Leipala et al.  examined infants with chronic lung disease (CLD) using tidal breathing measurements with a face mask at 36–45 weeks post-conception. They found higher peak nasal (p = 0.011) and facemask (p = 0.034) NO levels in CLD than in non-CLD infants, in agreement with our findings of weakly but significantly raised eNO in BPD infants. May et al.  found also elevated eNO in very premature intubated infants during MV on day 28 after birth, particularly in infants developing moderate or severe BPD . However, Wiliams et al.  have shown that eNO during the first 4 weeks of life did not differ significantly in groups of infants with and without CLD, indicating that, in contrast to conventional LFT parameters (e.g. compliance, functional residual capacity), eNO measurements during the first weeks of life are not useful for predicting CLD and that eNO levels may be raised only in infants with established BPD and ongoing inflammation . In contrast to the previous studies Roiha et al. , measuring eNO and V’no during tidal breathing in 39 unsedated pre-term infants with CLD (mean gestational age 27.3 weeks), found no statistically significant differences to term infants (39.9 weeks). Following adjustment of eNO and V’ NO for ventilatory parameters, V’ NO was slightly decreased in CLD infants (p = 0.024). In that study the median (range) duration of intubation and MV was 1 (0–63) days, indicating that most CLD infants received MV for only a short time. It remains unclear whether this may have influenced the results in the same way as in the present study.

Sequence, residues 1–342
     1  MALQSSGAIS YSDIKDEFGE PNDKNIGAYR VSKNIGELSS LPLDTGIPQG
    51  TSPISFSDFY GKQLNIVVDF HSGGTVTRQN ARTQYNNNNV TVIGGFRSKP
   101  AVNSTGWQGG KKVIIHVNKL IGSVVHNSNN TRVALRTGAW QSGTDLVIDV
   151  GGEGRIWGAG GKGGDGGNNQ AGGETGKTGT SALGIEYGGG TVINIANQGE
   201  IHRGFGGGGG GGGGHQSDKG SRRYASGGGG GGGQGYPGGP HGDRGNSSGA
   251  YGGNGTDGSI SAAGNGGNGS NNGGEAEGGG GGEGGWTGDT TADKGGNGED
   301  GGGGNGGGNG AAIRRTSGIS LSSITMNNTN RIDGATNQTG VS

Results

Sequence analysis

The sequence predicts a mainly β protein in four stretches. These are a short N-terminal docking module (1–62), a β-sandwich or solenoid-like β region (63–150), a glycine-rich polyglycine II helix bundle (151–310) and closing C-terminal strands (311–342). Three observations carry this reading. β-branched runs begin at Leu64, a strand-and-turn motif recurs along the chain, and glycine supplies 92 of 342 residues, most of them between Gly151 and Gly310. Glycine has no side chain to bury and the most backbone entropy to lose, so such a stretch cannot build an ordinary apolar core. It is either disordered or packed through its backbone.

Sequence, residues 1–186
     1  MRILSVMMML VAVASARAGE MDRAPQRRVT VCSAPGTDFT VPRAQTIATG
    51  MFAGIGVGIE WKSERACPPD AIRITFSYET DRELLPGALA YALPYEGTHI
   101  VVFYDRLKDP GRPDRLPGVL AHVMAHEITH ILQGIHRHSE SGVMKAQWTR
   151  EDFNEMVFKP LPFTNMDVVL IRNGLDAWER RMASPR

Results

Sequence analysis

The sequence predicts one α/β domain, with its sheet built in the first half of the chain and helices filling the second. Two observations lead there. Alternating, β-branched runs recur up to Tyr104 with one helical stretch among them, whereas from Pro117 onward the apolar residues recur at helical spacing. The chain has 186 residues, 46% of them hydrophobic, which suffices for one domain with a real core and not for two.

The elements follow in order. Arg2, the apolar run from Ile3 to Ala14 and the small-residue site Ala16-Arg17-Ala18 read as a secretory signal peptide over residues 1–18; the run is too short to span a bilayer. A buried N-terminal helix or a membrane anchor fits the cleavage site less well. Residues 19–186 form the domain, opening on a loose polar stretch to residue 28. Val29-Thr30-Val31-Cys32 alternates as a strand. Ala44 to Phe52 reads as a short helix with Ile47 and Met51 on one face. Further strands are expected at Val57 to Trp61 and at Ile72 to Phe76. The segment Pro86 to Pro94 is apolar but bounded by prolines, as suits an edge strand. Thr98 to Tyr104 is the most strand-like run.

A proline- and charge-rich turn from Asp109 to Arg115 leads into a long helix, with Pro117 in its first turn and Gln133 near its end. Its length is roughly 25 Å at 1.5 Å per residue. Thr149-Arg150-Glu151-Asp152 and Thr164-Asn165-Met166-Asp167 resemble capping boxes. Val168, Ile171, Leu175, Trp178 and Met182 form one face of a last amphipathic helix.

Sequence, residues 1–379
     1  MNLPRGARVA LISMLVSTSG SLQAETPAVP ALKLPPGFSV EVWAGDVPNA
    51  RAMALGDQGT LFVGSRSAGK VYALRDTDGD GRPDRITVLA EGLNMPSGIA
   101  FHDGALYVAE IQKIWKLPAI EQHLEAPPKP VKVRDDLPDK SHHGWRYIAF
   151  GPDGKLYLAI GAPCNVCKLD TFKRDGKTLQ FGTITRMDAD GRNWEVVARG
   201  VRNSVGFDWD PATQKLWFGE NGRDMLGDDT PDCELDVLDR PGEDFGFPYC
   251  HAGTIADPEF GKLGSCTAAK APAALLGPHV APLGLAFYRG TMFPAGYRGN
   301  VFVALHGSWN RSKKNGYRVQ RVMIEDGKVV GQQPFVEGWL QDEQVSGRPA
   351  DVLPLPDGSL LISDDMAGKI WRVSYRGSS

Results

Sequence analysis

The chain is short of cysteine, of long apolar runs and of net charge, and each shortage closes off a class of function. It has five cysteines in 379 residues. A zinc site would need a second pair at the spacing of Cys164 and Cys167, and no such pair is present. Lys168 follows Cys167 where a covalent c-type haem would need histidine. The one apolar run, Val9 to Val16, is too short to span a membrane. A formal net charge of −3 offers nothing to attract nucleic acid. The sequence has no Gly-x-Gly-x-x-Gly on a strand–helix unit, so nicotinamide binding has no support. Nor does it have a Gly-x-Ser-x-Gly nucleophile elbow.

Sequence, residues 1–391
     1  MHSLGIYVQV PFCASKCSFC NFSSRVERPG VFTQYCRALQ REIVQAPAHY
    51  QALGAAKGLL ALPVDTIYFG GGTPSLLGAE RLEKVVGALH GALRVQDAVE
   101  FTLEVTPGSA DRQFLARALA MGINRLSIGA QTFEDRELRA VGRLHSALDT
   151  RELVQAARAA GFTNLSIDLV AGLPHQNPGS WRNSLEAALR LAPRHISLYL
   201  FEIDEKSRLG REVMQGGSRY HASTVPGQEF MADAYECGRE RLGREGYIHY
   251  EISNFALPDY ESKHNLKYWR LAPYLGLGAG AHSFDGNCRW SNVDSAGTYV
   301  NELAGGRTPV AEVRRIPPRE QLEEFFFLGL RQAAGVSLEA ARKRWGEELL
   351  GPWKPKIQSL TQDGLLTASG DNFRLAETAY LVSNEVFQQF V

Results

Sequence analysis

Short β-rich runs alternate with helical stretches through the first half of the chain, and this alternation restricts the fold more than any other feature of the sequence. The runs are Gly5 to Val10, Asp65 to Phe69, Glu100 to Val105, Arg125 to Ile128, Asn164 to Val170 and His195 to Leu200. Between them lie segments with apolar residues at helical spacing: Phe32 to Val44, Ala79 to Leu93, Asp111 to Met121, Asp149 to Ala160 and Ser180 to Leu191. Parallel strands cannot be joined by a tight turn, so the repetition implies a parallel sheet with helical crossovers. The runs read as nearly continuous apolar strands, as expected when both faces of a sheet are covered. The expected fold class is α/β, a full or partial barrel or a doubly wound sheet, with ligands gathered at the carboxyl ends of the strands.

It also remains unclear why eNO and V’ NO are reduced in short-term ventilated preterm infants. Nasal intubation and MV may induce ciliary dyskinesia, characterized by reduced eNO [22, 31, 32]. This would be on accordance with the findings of Baraldi et al. . In this study eNO was reduced in school aged children who formerly had CLD . They speculated that an impaired NO synthesis and/or diffusion in the airways could be a sequela of epithelial damage during the early phases of BPD. Filiponne et al.  have shown that children born prematurely with and without BPD have increase oxidative stress compared to children born at term despite normal eNO levels, pointing to other inflammatory pathways that cannot be picked up by eNO measurements. Ricciardlo et al.  investigated determinants of eNO in childhood atopic asthma. They found that neonatal respiratory distress has been associated with low eNO in children with atopic asthma . The higher eNO and V’ NO in long-term (≥7 days) than in short-term (<7 days) ventilated infants may have been caused by established ongoing inflammation secondary to prolonged intubation and mechanical ventilation as well as exposure to supplemental oxygen .